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March 5, 1910


JAMA. 1910;LIV(10):799. doi:10.1001/jama.1910.02550360047004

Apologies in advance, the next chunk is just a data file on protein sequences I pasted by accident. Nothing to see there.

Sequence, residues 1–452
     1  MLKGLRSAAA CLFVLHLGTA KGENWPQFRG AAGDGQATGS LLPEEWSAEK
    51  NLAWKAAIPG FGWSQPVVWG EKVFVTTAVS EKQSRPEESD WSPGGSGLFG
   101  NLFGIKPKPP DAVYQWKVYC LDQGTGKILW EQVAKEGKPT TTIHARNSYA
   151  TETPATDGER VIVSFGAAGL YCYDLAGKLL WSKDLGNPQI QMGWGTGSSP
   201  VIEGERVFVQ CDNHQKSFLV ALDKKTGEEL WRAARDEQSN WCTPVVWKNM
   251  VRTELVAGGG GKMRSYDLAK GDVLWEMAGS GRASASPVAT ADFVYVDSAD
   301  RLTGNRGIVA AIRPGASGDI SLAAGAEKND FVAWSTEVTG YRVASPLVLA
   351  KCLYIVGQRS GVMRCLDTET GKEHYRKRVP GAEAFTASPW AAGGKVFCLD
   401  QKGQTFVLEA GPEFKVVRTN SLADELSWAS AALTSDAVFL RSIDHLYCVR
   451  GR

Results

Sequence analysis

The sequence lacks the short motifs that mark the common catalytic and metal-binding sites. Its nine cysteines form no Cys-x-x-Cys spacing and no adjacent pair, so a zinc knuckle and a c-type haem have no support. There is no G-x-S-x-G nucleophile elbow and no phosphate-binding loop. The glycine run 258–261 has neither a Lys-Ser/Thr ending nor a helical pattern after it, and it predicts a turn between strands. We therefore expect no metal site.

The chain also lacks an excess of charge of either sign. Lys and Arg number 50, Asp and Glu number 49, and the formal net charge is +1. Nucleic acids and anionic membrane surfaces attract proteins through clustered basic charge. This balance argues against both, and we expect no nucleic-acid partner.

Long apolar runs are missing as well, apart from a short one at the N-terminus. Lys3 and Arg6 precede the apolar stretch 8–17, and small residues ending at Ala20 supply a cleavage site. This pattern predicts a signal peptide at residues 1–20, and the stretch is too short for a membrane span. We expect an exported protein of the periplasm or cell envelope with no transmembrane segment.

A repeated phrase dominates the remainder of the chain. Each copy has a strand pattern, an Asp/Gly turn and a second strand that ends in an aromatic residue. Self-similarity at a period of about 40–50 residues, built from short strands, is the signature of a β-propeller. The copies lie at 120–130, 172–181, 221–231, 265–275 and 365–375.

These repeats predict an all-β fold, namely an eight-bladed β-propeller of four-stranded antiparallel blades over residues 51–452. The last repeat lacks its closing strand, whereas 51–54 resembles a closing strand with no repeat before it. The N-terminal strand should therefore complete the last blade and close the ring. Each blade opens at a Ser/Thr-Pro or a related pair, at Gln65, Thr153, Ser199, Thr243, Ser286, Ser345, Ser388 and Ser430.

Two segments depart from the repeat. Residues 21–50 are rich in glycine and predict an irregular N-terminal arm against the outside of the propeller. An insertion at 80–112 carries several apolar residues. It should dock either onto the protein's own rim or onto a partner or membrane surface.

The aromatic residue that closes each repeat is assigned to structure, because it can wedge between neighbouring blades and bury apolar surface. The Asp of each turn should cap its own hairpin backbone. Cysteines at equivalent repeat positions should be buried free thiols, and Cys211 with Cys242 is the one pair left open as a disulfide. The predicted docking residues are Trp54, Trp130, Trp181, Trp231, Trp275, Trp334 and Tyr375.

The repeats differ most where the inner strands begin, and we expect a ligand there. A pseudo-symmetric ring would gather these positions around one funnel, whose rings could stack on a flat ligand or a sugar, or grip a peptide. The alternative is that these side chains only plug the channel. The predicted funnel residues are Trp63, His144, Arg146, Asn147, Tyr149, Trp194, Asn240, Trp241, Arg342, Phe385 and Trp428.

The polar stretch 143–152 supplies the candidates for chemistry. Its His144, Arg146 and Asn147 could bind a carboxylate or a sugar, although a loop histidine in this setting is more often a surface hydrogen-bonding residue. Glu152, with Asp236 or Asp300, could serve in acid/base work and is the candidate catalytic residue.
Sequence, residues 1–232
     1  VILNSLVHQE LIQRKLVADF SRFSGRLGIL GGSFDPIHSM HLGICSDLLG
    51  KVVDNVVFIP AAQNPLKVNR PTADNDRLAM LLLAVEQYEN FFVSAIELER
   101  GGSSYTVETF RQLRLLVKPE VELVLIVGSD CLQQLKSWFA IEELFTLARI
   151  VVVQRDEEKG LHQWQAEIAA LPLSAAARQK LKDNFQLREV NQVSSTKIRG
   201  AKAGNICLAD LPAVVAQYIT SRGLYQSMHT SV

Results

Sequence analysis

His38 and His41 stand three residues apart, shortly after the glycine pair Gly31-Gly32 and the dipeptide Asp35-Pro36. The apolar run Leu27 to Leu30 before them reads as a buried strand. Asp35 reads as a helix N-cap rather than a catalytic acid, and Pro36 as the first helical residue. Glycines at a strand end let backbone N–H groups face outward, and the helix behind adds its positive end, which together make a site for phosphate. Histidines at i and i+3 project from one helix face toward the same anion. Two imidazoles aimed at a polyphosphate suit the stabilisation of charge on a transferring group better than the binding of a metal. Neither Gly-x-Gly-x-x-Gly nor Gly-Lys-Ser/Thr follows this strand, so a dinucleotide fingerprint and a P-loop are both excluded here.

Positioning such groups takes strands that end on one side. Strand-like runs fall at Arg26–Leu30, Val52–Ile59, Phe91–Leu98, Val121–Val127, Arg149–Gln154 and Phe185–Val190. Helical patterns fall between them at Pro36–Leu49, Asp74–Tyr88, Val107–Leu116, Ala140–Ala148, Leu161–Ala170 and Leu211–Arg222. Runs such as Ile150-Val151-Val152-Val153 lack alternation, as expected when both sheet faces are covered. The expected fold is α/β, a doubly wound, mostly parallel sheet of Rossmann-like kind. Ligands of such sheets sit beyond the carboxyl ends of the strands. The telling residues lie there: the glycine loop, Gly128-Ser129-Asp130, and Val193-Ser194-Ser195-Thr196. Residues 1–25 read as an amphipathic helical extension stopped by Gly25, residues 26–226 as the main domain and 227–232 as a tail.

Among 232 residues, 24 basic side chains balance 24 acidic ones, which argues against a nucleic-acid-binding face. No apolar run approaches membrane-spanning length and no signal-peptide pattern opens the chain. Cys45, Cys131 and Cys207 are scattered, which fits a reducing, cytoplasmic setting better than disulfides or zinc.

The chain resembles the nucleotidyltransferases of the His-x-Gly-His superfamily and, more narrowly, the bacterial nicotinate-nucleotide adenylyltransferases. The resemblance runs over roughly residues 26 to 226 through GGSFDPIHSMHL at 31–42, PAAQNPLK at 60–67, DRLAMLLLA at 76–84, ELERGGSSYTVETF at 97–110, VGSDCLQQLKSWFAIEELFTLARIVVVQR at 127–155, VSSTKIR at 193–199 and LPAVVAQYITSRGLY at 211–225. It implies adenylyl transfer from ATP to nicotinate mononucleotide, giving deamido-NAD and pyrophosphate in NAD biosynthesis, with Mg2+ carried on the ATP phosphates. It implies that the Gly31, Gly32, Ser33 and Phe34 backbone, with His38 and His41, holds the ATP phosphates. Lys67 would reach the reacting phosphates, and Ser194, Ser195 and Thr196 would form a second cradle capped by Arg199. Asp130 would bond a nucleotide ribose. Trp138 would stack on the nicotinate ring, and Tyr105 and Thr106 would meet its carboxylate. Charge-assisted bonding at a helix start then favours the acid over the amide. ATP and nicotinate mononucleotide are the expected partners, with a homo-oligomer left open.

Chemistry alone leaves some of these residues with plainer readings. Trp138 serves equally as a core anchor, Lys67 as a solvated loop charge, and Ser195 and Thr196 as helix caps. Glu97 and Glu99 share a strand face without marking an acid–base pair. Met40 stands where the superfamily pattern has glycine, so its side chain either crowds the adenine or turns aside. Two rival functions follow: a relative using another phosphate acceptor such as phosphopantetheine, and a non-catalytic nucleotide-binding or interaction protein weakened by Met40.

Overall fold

The importance of a disease is not to be measured altogether by its frequency; its effects in individual cases are also to be reckoned. When a disease like hydrophobia is apparently on the increase it is a health problem of some urgency. The statistics in Dr. Frothingham's paper in this issue of The Journal show a rather formidable prevalence of the disorder in certain parts of the country. Kerr and Stimson1 state that there were one hundred and eleven deaths from hydrophobia in 1908, and that the number of deaths from this cause in the registration area in 1906 and 1907 (eighty-five and seventy-five, respectively) was almost double the number in any previous year since 1900. The health authorities of several of the states have also called attention to this fact. Rabies exists in nearly every portion of our country, and Dr. Frothingham could have added Alaska to the political

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